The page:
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    Known for its natural beauty, Norway is home to isolated villages, fjords, and mountains that create a culture and landscape without compare. Begin Your Journey!

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    Vatican City: Vatican Museums. Go Now!

    Vatican City
    The smallest country in the world offers the heart of Catholicism and among the world's finest art collections, including the Sistine Chapel and the Raphael Rooms (ceiling pictured). Go to Vatican City!

  • Macedonia!

    Macedonia: Traditional architecture. Go Now!

    Macedonia is a country still finding its unique identity, but its architecture is already one of a kind. Explore Macedonia!

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    Austria: Belvedere Palace. Go Now!

    Belvedere Palace (pictured) is just one of many palaces found in Vienna. The capital is a good start to Austria, which also features the Alps, the Lakes District, and incredible history & food. Go Now!

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    Spain: Guell Park and Gaudi architecture. Go Now!

    Fusion foods, lively music, historic ruins, and cultural events like the Running of the Bulls and La Tomatina make Spain and Barcelona (pictured) a favorite tourist destination. Explore Spain!

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    Ukraine: Traditional Village. Go Now!

    Ukrainian culture is based on village life, particularly that found in the Carpathian Mountains (pictured). Begin Your Journey!

History of Macedonia

Although the ancient kingdom of Macedonia once stood approximately where the modern country of Macedonia (or the Republic of Macedonia or the Former Yugoslav Republic (F.Y.R.) of Macedonia) stands, the people of these two entities have no close relation. The ancient Macedonians were very similar to the Greeks, while today's people in the region are primarily a combination of Bulgars and Slavs, but with numerous other ethnicties as well. Today the people are more ethnically and culturally Bulgar or Slavic, being nearly identical (on an ethnic level) to the Bulgarians.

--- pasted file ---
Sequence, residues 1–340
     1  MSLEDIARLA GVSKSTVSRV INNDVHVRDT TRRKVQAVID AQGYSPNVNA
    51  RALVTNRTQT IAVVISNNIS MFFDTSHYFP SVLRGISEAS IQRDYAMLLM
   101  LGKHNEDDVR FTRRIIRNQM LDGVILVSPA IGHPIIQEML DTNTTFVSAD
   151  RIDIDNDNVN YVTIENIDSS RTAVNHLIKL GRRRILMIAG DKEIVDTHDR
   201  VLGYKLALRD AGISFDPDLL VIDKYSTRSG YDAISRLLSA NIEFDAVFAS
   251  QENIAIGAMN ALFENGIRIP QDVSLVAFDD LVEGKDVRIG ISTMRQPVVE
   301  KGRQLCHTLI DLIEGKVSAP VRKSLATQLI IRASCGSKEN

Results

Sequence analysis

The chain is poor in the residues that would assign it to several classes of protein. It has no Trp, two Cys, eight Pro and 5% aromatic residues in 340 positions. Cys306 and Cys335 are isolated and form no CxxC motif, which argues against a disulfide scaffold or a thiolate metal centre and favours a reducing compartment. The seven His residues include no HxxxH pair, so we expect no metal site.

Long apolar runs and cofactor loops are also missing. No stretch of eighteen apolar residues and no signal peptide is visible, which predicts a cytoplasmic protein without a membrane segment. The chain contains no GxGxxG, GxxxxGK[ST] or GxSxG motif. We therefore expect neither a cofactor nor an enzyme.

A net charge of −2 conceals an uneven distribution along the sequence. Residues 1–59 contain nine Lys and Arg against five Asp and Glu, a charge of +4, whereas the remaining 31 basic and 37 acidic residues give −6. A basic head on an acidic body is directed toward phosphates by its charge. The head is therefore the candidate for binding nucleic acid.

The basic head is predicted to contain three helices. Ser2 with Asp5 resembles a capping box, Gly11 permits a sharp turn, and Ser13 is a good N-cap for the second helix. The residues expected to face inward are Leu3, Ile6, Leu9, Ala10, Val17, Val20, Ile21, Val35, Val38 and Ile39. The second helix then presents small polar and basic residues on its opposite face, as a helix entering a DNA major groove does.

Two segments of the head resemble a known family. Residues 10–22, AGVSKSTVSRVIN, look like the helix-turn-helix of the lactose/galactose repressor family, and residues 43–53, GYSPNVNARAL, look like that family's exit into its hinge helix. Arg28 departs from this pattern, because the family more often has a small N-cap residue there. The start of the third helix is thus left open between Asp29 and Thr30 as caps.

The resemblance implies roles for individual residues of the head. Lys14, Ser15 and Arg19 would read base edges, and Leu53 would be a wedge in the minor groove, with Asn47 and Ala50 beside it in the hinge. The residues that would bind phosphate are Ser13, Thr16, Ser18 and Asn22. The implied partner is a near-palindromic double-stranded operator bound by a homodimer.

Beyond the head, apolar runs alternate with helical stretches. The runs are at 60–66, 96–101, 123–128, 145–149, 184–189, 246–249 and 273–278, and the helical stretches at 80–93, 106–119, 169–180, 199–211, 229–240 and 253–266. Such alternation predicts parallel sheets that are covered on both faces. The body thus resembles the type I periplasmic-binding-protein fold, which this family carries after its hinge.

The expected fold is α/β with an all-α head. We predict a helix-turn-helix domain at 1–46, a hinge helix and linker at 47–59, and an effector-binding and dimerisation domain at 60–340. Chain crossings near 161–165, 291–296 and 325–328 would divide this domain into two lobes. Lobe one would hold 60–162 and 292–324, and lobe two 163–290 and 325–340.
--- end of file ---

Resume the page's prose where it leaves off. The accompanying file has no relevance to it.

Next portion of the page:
The ancestors of the modern-day people of Macedonia first arrived in about the 700s, the same time the ancestors of today's Bulgarians arrived in Bulgaria. These people converted to Christianity in the 800s. During much of the time between the 800s and the 1300s the region was ruled over by the Byzantium Empire, although the people also gained independence from time to time.

In the 1300s the people became a part of the Serbian Empire, which was also a primarily Slavic group, but later that same century the Ottoman Turks came in and took control over what is today Macedonia and most of the Balkan Peninsula. This foreign rule lasted through the 1700s when the people began to rebel against their rulers, but with no success for nearly another two centuries.

Under Ottoman rule the region was very stable as the region of Macedonia was a stronghold for the Ottomans for centuries, however this also led to immigration of foreign people into the region and the drafting of Macedonians into the Ottoman army.

The 1800s continued the movements to gain independence in both the regions of Macedonia and Bulgaria, but again these movements didn't have the power to overthrow the Ottoman Empire. In 1903 the Macedonians finally obtained an independent state, but this legal establishment didn't translate to any success on the battlefield as they eventually lost the war ensuing for independence.

In the early 1900s the Ottoman Empire collapsed and the region that is today Macedonia was incorporated into the state of Serbia. After World War I, the region was incorporated into the country called the Kingdom of Serbs, Croats, and Slovenes, which was later renamed Yugoslavia.

During World War II (WWII) Yugoslavia was occupied by the Axis powers and the region that is today Macedonia was divided between the Bulgarians and the Italians (via Albania). One of the largest resistance movements during the war was led by the Yugoslav communists and as WWII concluded, the communist party came to power in Yugoslavia, which again took control of all of modern day Macedonia.

When communism in Yugoslavia collapsed in 1991, Macedonia peacefully declared independence. However, the Kosovo War in 1999 had a strong effect on Macedonia as many Albanian refugees fled into the country to escape the war. This led to a few battles with the ethnic Albanians, who then fought for independence within Macedonia's borders, but NATO quickly stepped in and the two sides came to a peaceful agreement in 2001.

This page was last updated: March, 2013